Kingsman: A Fatal Dose of Sequelitis

Sequelitis – “The tendency of a well-received work to spawn many inferior sequels.”

Oh, how the mighty have fallen.

2015’s Kingsman: The Secret Service was the biggest cinematic surprise of that year, delivering a slick, audaciously ballsy Spy film that made current Bond films look tame by comparison. Matthew Vaughn’s hyperkinetic direction helped give the spy genre a much-needed adrenaline shot, paying homage to the fun camp that once encompassed the genre, while embracing the possibilities of the future. Not to mention that the film’s “church scene” (you know the one) stands as what is quite possibly the best action sequence of this decade.

Even better was that the film became a box office smash, grossing over 400 million dollars, no small feat for an R-rated spy film starring a then-unknown Taron Edgerton. Audiences were clamoring for a follow up to this high octane, shamelessly funny gem of a film. Fast forward two years and out comes the follow-up, titled The Golden Circle. So many questions were left after the first one: how is Colin Firth returning after his character’s death? Did that church ever open up after the incident, and most importantly HOW LONG DID EGSY LAST WITH THE PRINCESS?!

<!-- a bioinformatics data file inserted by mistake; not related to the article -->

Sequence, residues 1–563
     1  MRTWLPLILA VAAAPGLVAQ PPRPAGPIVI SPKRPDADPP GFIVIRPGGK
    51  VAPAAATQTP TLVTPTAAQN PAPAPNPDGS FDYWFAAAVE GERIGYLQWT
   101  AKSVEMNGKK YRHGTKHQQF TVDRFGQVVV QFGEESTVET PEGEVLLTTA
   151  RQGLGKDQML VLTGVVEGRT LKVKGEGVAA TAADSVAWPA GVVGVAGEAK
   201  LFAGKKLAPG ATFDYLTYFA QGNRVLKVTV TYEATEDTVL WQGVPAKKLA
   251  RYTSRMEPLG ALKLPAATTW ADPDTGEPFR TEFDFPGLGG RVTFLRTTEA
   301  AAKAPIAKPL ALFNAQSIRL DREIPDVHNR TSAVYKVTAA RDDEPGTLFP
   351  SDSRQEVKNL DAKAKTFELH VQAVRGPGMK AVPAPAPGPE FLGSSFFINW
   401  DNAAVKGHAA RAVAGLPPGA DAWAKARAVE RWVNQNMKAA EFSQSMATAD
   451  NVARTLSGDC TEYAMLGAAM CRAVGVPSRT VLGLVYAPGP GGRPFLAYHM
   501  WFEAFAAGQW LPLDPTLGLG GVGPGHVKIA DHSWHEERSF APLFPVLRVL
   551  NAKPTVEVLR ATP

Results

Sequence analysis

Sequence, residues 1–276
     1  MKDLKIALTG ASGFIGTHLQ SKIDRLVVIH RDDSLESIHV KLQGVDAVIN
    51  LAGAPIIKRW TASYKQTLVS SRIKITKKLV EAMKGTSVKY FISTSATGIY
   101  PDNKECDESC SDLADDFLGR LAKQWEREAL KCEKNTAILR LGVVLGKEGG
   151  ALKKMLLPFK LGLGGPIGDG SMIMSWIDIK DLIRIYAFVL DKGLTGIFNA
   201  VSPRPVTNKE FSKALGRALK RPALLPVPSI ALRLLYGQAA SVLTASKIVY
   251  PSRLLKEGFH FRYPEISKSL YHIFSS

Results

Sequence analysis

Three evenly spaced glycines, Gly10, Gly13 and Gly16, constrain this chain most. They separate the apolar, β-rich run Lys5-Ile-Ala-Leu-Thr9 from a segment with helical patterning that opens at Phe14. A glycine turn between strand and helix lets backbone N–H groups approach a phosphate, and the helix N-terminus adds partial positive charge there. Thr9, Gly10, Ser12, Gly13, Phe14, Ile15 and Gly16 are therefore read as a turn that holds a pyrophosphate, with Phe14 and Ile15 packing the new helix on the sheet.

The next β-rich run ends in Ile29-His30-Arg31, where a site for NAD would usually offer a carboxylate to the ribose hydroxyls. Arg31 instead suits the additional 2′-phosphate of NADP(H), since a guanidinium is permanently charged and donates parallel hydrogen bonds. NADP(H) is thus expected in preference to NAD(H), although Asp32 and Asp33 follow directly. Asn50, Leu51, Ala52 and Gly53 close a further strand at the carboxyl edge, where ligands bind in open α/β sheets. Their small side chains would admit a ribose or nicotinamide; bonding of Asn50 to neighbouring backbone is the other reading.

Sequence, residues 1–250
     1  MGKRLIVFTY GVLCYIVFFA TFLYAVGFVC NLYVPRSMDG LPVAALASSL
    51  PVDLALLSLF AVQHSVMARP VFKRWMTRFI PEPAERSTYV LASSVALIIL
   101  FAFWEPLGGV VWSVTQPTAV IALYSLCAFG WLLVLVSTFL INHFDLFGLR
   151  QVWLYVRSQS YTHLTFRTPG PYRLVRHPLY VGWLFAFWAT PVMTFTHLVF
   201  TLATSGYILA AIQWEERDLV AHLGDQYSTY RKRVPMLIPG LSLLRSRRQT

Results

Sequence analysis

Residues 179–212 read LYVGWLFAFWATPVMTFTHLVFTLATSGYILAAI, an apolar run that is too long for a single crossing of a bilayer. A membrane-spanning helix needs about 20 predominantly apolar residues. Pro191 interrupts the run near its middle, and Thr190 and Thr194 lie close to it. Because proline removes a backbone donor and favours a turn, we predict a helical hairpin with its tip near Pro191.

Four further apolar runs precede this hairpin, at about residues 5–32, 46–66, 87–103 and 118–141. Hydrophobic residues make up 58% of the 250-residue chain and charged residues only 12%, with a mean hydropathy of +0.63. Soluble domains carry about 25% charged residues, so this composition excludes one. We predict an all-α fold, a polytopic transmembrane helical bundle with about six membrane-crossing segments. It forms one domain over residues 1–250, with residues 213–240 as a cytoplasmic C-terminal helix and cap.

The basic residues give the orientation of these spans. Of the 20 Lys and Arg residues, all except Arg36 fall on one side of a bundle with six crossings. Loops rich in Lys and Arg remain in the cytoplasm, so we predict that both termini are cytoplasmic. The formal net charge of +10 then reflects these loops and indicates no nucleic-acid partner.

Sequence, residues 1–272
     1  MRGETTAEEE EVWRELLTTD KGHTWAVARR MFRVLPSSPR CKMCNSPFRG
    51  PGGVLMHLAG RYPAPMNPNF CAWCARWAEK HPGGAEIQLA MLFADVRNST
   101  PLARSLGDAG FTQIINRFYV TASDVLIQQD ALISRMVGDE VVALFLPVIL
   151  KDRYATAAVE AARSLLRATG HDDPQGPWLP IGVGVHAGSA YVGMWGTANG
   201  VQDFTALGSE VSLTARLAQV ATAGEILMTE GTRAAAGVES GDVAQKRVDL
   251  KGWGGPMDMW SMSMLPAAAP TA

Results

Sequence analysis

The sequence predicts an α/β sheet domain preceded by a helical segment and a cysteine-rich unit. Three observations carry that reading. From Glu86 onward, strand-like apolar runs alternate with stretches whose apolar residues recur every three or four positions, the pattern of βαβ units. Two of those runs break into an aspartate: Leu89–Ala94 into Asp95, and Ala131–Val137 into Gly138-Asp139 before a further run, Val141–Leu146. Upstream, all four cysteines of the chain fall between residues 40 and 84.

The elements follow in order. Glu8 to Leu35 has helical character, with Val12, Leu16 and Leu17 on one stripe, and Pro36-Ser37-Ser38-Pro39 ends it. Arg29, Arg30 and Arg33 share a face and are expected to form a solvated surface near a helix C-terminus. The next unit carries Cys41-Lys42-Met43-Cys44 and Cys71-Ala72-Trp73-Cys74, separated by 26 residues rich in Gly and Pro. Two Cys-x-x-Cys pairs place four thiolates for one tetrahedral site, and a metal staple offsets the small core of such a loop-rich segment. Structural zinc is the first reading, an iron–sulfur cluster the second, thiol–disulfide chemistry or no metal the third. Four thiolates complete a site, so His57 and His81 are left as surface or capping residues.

Things looked favorable for The Golden Circle, with brilliantly made trailers highlighting the series’ well known humor and Matthew Vaughn’s gift for action sequences. It also didn’t hurt that the film’s principal cast had Tarantino levels of ensemble talent. Like I said to my friend Luca while driving to the theater, “There is no way this film can fail”.

Simply put, Kingsman: The Golden Circle is the most disappointing film of the year, being yet another unnecessary, inconsequential sequel that wants to convince its audience that it is the next Empire Strikes Back or The Godfather Part II. In short, it doesn’t reach the heights that a sequel needs to justify its very existence.

The very essence of a sequel is to continue the narrative created by the first film, creating a natural follow up and series of events that compliments its predecessor. Rather than just being a carbon copy of the first film, a sequel dares to go into different directions that challenge the audience and pits the characters into predicaments that are fresh and new, fleshing out their characters to make the film’s final punch even more powerful and gut-wrenching. You have been on a ride with these characters for two entire movies, almost four hours worth of story; It’s only right that the filmmakers can use the audience’s investment to their advantage. For almost the entirety of 2017, it seems that almost all sequels fail to realize the potential they have, no matter how much the director tweets about their desire for their sequel to be unique and different (I’m looking at you, James Gunn).

Warning: First Act spoilers for The Golden Circle follow: